More than half of U.S. children and adults have never received music education, though a majority (68 percent) thinks it's important, says a 2011 IBOPE Zogby poll commissioned by Primrose Schools. Over 70 percent of adults recognize that music education enhances children's music appreciation, cognitive development and creativity. Over the past 15 years, however, many school music programs have been cut to reduce budgets and to spend more time on math and reading instruction.
"The results show a disconnect between what people know and believe about music and what they're actually doing about it," said Dr. Mary Zurn, vice president of education at Primrose Schools. "Although many parents and teachers are aware of the benefits and value of a solid music education, and research tells us it's more important than ever to start at a young age, music is rarely part of the daily schedule in most elementary schools."
Early, consistent exposure to music has been found to support musical ability, language development, motor coordination, social skills and learning. Poll results further support the link between music and academic achievement: 65 percent of adults with college degrees participated in music education, compared to 37 percent of adults without college degrees.
Poll results reveal that music is already an important part of family life: 86 percent of families enjoy listening to music, and 80 percent of children are most frequently exposed to music at home. Only a quarter of parents report using music to enhance learning, however.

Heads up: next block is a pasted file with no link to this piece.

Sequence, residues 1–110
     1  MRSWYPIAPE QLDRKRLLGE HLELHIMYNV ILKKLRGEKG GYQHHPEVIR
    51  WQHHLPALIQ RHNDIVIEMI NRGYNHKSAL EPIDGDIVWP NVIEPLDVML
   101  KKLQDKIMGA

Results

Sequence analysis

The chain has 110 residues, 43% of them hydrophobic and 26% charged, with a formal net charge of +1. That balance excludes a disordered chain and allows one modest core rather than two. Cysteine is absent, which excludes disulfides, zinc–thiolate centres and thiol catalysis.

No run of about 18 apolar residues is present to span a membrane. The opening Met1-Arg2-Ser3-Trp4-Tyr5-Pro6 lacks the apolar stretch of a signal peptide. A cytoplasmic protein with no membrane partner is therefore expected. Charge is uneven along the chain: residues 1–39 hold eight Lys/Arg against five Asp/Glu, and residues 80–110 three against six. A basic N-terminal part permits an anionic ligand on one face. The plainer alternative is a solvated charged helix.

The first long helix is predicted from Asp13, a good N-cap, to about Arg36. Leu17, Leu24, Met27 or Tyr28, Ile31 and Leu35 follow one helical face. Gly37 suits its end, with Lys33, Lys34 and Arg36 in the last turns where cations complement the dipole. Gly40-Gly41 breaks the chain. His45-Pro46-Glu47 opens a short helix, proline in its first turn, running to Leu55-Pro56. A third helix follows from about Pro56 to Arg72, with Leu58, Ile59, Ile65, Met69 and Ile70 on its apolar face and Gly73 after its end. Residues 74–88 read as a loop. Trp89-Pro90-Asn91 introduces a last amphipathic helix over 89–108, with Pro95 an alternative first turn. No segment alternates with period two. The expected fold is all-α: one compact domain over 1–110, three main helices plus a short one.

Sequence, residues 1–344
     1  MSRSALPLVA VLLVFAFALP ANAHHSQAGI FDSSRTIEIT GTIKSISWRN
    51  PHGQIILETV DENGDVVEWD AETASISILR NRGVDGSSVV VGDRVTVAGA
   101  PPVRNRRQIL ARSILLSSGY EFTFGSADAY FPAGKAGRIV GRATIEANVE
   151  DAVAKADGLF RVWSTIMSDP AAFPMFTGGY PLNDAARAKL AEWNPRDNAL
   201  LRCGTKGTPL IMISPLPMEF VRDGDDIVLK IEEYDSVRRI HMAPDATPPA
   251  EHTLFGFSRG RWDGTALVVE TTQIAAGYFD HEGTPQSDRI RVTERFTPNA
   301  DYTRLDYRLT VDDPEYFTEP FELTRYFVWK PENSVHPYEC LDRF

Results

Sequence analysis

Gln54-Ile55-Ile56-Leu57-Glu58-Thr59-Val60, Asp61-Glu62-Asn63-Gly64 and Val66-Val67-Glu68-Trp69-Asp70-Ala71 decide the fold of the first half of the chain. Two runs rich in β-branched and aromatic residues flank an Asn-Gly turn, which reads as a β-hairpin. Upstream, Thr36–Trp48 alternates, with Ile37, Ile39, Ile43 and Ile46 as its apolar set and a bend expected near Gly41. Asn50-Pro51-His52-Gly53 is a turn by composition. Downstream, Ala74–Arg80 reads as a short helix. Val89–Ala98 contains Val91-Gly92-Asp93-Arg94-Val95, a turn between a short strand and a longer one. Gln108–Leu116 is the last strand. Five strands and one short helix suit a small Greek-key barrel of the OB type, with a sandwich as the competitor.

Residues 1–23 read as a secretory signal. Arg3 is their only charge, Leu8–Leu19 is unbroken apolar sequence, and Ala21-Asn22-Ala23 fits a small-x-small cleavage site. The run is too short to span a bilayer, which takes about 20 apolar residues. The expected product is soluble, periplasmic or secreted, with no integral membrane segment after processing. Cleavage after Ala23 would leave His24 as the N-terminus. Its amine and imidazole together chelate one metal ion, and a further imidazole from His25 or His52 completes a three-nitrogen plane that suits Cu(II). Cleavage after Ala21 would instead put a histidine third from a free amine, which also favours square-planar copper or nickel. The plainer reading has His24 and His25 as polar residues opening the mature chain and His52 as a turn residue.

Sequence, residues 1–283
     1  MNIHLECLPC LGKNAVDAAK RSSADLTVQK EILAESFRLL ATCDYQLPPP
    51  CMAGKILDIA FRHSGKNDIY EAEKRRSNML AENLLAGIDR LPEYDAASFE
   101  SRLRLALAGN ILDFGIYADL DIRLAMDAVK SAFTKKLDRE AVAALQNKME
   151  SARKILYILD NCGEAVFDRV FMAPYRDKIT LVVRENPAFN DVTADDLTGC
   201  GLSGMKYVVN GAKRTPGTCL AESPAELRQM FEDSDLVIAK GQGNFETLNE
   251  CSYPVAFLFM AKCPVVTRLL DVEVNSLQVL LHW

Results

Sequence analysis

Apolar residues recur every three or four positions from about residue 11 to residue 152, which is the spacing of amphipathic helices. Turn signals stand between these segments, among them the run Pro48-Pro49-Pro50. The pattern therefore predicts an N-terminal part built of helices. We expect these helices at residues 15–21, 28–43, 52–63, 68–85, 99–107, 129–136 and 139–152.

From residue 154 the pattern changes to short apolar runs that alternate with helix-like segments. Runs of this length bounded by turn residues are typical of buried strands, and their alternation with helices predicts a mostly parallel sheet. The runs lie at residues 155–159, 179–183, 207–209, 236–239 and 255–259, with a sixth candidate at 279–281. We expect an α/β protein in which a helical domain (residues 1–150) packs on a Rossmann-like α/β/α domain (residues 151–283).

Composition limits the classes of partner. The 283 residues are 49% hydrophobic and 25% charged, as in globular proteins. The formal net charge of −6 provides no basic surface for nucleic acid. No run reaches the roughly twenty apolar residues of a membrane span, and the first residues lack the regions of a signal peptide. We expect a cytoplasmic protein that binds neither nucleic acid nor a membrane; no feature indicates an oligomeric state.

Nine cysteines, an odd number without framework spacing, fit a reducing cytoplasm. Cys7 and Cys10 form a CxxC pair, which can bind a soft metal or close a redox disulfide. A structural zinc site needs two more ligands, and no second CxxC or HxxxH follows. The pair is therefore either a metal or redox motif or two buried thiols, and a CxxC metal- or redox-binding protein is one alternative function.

"Children who grow up in an enriched music environment are better able to understand and enjoy music for the rest of their lives," said Rob Sayer, founder and director of The Music Class. "Children's brains are hard-wired for music; even babies can process rhythm.”
For more fun, easy ways to add a brain boost to family music activities, Dr. Zurn and Sayer recommend the following:
Dance! Children naturally respond to music with movement, which is a natural way to learn about rhythm. Encourage your child to help choreograph a dance by incorporating their suggestions like jumping, leaping, sliding or galloping to the music. Provide a nurturing touch by holding, lifting and bouncing your child to the rhythm of the music to make dancing together a time of emotional bonding and also to stimulate neural pathways.
Sing! Music and language are so intertwined that singing songs is a natural way for children to build memory skills and learn new vocabulary. Repetition and rhyming are particularly helpful for heightening children's awareness of the sounds of language. Singing familiar songs gives kids a chance to practice sequencing words and phrases and can be done almost anywhere. Find out what songs your child is learning at school and watch his face light up when you sing along. Try carrying on a conversation by singing – children love it. Also, be sure to take advantage of your drive time to stimulate those noggins, given that more than 75 percent of children are most frequently exposed to music in the car. Music can make short and long car trips much more enjoyable!
Listen! Play music from your country of origin or your region of the United States. Then play music from other cultures or parts of the country. Help your child identify similarities and differences. Twenty-four percent of adults say music is an important part of their cultural heritage, and there's no better way to begin teaching your child about their own culture and that of others. Primrose's newly enhanced Rhythm and Notes curriculum with music from The Music Class features music from around the world that helps children develop an awareness and appreciation for other cultures.
Play! It's easy to gather simple instruments like pots and pans that children can use to keep time with music or count beats. If you record their productions, they will love hearing it over and over! Plus, those instrumental sessions can improve hand-eye coordination and spatial reasoning.
For more ideas to help your child learn through music and other parenting tips, visit www.DrZandFriends.com.
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